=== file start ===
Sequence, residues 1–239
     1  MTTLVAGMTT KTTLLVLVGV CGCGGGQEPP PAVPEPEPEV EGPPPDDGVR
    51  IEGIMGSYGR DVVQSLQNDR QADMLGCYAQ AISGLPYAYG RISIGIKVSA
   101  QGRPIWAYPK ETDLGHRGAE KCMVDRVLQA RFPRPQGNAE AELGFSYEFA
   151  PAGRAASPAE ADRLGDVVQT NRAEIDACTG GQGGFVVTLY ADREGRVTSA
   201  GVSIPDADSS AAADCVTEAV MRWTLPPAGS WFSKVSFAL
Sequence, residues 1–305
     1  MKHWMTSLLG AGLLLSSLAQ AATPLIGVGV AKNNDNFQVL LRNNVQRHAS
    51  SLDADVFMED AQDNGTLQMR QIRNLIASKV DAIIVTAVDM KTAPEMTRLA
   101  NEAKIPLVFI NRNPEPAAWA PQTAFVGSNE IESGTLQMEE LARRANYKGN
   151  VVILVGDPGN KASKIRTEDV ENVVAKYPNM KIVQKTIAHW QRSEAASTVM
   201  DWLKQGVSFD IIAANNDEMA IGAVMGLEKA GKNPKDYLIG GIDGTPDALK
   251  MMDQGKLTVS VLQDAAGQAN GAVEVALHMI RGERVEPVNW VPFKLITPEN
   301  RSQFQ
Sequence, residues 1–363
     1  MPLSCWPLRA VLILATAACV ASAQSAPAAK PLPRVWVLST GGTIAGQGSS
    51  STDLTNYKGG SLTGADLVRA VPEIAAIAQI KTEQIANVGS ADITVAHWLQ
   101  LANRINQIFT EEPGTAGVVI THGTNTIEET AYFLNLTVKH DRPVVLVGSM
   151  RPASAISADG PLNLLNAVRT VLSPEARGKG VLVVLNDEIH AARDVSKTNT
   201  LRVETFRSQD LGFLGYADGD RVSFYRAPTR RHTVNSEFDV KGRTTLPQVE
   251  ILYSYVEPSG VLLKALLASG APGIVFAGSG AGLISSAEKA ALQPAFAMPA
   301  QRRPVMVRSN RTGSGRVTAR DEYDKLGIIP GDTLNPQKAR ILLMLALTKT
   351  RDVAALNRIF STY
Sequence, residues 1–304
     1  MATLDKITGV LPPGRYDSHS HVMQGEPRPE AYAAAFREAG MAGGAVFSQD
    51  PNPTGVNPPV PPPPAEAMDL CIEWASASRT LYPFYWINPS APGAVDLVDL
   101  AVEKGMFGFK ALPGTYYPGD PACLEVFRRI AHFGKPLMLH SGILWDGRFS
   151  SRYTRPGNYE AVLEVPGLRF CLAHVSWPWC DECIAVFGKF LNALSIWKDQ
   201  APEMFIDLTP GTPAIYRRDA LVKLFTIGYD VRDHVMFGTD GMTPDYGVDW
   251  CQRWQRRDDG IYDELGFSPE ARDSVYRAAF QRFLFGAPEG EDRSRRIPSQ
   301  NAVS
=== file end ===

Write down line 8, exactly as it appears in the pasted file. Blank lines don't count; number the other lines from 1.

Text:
     1  MKHWMTSLLG AGLLLSSLAQ AATPLIGVGV AKNNDNFQVL LRNNVQRHAS